Sources

  • Floyd, Jacob and Jenny. Kentucky’s Haunted Mansions. Seventh Star Press, 2017.
  • Landini, Leigh. “Things that go ‘bump’ in the night may be a mischievous may be a ghost in downtown Paducah.” The Paducah Sun. 31 October 1999.

Benham

Benham Schoolhouse Inn
100 Central Avenue

In 1926 the Wisconsin Steel Company, which had founded the small town of Benham as a coal camp, built an all-grades school. That school closed in 1992 and was converted into use as an inn. Guests have since reported run-ins with the spirits of former students.

Sources

Berea

Boone Tavern
100 Main Street North

Boone Tavern Berea Kentucky
Boone Tavern, 2009, by Parkerdr. Courtesy of Wikipedia.

A restaurant, hotel, and guesthouse affiliated with Berea College, Boone Tavern was built in 1909. A paranormal investigation in 2012 produced evidence of “an abundance of spirits.” Investigator Patti Star described the tavern to the Richmond Register as being like a “train station with spirits coming and going.”

Sources

  • Boone Tavern. Wikipedia, the Free Encyclopedia. Accessed 27 November 2020.
  • Robinson, Bill. “Ghost hunters detect spirits at Boone Tavern.” Richmond Register. 2 April 2012.

Campbellsville

Hiestand House—Taylor County Museum
1075 Campbellsville Bypass

This small stone house is one of only 12 German stone houses standing in the state. According to Dennis William Hauck’s Haunted Places: The National Directory, residents of the home have experienced paranormal activity for years. The house now houses a county museum.

Sources

Clermont

Jim Beam American Stillhouse
526 Happy Hollow Road

Jim Beam is one of the largest producers of Kentucky bourbon producing more than a half million barrels a year. But is this famous distillery producing spirits beyond bourbon? It seems that the apparition of a woman has been seen in the old T. Jeremiah Beam House and other spirits have been encountered throughout the distillery and its grounds.

Sources

Cynthiana

Rohs Opera House
122 East Pike Street

This 1871 opera house is possibly occupied by a handful of spirits including children and a woman dubbed, “The Lady of the Opera House.” These spirits manifest themselves in a variety of ways including the children playing with people’s hair, strange noises, and apparitions.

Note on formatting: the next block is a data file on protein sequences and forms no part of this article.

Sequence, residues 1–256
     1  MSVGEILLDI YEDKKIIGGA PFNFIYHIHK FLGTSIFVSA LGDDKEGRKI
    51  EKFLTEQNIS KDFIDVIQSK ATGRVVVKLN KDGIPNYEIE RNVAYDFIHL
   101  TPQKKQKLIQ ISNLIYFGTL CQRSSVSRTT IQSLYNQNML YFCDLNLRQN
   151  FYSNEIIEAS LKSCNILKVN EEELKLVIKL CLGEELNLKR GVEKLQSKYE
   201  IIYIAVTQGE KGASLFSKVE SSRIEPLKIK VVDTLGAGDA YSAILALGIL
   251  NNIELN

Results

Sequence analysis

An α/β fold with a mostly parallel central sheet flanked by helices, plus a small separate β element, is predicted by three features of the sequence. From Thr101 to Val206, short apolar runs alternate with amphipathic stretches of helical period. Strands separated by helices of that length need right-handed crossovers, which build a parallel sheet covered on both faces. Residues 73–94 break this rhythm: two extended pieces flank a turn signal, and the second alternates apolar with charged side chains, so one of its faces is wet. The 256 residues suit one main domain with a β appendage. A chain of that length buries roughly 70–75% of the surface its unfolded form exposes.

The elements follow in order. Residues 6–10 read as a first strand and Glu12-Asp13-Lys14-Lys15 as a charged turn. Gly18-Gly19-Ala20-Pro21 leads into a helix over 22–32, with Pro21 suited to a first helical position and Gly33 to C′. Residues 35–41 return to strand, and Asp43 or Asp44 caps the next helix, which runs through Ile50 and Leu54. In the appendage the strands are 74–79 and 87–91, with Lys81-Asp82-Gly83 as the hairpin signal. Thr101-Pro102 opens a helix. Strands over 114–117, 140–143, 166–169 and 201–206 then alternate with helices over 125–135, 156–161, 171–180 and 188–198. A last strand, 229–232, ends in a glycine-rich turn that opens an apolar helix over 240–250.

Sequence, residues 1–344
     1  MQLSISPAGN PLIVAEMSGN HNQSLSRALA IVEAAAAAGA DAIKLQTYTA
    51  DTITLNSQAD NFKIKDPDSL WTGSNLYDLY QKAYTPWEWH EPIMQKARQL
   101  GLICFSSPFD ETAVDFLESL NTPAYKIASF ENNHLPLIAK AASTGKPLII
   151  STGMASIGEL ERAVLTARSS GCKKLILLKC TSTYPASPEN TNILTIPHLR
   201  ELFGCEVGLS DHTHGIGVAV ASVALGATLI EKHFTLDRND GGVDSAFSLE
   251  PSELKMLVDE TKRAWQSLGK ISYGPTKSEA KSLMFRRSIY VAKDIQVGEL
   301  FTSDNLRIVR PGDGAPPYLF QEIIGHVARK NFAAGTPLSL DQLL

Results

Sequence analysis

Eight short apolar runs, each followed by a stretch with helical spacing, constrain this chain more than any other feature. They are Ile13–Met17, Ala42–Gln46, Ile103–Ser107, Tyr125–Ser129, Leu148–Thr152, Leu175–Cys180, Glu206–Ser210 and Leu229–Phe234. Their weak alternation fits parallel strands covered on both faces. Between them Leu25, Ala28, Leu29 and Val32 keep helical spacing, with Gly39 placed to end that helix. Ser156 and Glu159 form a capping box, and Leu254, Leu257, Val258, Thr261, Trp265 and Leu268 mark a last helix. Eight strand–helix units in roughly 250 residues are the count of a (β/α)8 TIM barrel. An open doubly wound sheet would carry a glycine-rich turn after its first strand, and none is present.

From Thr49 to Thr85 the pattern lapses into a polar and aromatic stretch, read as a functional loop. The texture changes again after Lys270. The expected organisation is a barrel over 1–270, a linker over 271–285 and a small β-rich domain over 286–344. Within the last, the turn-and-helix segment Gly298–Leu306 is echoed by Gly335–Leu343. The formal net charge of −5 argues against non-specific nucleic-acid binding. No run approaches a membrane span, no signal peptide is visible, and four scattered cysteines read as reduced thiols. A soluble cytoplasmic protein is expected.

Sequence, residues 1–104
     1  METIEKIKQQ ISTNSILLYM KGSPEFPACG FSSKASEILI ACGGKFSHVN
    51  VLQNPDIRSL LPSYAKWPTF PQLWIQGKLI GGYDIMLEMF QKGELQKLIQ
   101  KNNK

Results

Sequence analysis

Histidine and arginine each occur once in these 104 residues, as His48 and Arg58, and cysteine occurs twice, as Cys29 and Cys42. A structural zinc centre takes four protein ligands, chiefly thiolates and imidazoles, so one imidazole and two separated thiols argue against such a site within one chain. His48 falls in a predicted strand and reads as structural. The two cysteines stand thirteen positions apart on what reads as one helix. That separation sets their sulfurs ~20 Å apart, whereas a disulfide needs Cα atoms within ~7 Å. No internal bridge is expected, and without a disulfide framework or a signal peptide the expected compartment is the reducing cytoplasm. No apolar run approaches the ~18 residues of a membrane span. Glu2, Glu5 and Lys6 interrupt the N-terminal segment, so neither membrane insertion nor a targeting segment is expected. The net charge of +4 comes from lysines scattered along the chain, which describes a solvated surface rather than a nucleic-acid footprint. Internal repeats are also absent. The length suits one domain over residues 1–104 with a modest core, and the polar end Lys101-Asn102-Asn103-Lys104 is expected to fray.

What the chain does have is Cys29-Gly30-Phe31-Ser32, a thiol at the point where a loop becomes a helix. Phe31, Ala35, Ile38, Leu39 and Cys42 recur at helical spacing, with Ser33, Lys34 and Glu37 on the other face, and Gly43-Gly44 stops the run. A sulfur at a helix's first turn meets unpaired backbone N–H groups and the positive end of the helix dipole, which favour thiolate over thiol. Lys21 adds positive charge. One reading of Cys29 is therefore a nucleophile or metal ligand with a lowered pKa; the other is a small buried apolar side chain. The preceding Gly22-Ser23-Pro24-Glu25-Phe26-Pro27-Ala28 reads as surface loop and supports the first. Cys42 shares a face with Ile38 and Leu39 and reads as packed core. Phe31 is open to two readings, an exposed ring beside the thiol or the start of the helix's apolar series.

Sources

  • Dailey, Bonnie. “The haunting of Rohs Opera House.” 8 August 2013.

Danville

Breckinridge Hall
Campus of Centre College

The spirit of a young man named Peter continues to haunt this dormitory. During a renovation in the 1990s several people saw his face on the wall of a particular dorm room. When they contacted painters to cover up the image, they could not find it.

Sources

  • Brummet, Jennifer. “Paranormal investigators use own time and money to seek out supernatural.” The Advocate-Messenger. 28 October 2007.
  • “Ghost hunter hopes to find paranormal activity at Centre.” The Centre College Cento. 27 October 2011.

Sutcliffe Hall
Campus of Centre College

A staff member working in this building reported “Sometimes I’d be in the building alone and would hear basketballs bouncing in Bowman Gym. I would go right to the gym door and look in, and there was never anyone in the gym playing basketball. But I could definitely hear the ball bounce.” The staff member also reported that during renovations workers would find their tools moved or missing.

Sources

  • “Ghost hunter hopes to find paranormal activity at Centre.” The Centre College Cento. 27 October 2011. 

Elsmere

Allendale Train Tunnel
Near East Covered Bridge Drive

This mis-named site is not an actual train tunnel, but rather a culvert that carries Bullock Pen Creek underneath a set of railroad tracks. Metal hooks protrude from above both ends of the culvert from which stems the legend that a man once hung himself here and he continues to haunt the site. However, there is no documentary to prove that the suicide ever happened.